“I know I can always count on my union for anything, and that’s what being in a union is all about; security, peace of mind, and knowing that someone always has your back.” Local 2587 and 10-year UMWA member Ryan Ramsey works at the mine in Centralia, Pennsylvania, and is a welder for the company. “I went to school to become a welder and got my state and federal certifications,” said Ramsey.

“I worked non-union before I became a member of the UMWA, and once I joined the union, I decided I’m never turning back,” Ramsey said. “You always know when you are going to get a wage increase and when your vacations are going to be. It’s just a nice thing to have and something I never had before joining the union.” As a fourth-generation UMWA member, Joe Gadola, Jr., a member of Local Union 7226, has worked for Blaschak for the last 9 years. “I’m currently a loader operator,” Gadola said.

“My dad worked at Jeddo for years and was in Local Union 1507, and I actually worked at Jeddo before coming to Blaschak. The breaker here was built in 1955, started out as a mom-and-pop shop, and it’s been union since day one, and my family and I have been union since day one.”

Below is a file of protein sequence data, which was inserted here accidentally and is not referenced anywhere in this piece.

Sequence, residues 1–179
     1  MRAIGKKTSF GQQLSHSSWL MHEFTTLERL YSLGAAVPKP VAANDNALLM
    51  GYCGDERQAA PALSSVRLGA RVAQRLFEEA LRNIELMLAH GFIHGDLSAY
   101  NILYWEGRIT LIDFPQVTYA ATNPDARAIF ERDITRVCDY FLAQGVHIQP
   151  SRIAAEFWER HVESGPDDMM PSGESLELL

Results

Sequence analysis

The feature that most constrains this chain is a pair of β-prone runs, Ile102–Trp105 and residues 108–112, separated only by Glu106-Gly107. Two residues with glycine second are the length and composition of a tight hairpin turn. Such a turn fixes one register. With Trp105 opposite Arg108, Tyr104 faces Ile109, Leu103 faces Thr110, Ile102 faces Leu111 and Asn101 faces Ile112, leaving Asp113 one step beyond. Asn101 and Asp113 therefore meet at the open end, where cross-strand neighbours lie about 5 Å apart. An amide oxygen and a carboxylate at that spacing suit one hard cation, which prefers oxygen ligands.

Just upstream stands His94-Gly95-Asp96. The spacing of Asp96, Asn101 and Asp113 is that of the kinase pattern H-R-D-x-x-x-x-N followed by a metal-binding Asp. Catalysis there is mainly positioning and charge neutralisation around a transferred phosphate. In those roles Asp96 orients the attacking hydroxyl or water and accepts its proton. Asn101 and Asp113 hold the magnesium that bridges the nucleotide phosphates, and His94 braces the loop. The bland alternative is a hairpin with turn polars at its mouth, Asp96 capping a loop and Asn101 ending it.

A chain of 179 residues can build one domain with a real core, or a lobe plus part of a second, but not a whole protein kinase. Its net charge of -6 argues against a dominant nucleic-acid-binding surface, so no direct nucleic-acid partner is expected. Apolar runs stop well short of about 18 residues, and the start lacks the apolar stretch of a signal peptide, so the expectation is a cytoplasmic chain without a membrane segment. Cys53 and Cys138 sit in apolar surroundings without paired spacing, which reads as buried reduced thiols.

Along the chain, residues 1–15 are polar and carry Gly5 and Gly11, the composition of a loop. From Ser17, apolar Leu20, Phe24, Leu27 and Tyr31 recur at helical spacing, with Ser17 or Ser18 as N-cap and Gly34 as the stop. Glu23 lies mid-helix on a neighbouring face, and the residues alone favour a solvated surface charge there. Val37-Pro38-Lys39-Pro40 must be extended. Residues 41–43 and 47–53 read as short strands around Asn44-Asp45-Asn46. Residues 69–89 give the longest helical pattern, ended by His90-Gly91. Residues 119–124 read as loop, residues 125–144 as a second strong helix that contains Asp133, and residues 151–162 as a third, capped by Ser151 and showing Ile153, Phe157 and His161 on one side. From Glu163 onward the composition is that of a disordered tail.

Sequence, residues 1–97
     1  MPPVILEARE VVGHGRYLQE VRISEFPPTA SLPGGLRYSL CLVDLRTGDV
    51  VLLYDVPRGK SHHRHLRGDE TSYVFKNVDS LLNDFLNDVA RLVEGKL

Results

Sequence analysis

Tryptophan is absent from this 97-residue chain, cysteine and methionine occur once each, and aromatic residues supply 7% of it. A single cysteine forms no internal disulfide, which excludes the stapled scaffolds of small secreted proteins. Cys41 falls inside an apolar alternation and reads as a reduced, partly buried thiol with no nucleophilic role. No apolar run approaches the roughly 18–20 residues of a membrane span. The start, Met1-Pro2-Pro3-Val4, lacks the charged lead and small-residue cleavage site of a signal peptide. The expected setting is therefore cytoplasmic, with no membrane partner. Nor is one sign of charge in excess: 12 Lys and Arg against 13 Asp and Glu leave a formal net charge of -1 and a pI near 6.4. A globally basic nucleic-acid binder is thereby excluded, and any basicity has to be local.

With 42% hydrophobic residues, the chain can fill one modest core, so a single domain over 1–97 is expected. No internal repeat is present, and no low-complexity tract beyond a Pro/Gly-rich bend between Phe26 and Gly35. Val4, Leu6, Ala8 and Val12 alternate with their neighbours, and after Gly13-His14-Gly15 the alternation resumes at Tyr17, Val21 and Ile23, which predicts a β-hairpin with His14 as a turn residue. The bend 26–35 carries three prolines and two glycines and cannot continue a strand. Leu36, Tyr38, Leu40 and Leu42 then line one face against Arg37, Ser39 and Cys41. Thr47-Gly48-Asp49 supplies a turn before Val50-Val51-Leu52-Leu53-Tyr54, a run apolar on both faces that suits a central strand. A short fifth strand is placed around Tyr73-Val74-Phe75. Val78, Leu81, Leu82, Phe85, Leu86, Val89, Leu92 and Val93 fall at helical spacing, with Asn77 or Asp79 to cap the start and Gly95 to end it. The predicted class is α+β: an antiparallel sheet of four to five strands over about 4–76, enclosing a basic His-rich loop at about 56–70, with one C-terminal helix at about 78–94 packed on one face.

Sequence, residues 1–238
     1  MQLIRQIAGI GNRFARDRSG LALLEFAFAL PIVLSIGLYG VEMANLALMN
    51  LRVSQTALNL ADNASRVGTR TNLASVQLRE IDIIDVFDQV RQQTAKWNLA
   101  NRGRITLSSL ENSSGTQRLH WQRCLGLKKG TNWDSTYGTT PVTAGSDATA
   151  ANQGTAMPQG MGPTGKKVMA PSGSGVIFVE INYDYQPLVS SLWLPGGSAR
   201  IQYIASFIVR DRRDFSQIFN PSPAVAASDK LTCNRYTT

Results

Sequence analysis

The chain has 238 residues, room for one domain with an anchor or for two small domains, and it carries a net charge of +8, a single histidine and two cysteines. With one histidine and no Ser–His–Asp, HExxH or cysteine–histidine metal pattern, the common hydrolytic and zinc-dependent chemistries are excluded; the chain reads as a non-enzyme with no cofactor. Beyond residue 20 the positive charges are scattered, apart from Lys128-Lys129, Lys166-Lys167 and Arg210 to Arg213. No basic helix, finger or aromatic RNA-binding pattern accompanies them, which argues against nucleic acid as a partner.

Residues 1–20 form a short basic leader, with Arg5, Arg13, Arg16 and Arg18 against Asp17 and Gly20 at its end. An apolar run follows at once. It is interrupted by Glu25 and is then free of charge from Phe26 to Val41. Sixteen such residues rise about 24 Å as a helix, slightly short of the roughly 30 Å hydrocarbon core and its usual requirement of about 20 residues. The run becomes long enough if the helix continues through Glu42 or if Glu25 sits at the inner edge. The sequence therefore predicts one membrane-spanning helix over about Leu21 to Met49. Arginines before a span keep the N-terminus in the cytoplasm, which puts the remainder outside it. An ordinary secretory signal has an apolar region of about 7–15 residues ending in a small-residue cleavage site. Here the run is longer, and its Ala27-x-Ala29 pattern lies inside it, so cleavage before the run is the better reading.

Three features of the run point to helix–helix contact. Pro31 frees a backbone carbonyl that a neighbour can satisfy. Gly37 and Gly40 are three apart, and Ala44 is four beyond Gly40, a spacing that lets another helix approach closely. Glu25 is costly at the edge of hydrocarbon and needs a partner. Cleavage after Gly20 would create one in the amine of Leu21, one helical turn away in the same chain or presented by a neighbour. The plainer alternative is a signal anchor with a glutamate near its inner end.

The coal produced at Blaschak, after cleaning and sizing, is packaged and ready for market. A majority of the coal is shipped to a bagging facility just adjacent to the breaker. Blaschak also has over 600 dealers, some as far west as Wyoming. The coal is shipped to the dealers mainly for the purpose of heating homes.

Reading Anthracite Coal

Reading Anthracite Coal Company, also known for its logo, Famous Reading Anthracite, originated in 1871 in Pottsville, Pennsylvania. Reading may be the company with the longest, continuous UMWA representation in the United States.

There have been a few bumps along the way, like in 1990 when Reading tried to introduce new language in the UMWA contract that would have allowed them to sidestep long-standing seniority rights and work schedule protections. More than 200 UMWA members stuck together and rejected Reading’s proposals. After three failed attempts, Reading reversed the adverse proposals and UMWA members ratified a new agreement.

UMWA members of Local Union 1686 are still paving the way for the company’s continued success. One of those members is Chip Eichenberg, who operates the 7800 Marion dragline that was first put into service in 1961 and carries a 35-cubic yard bucket.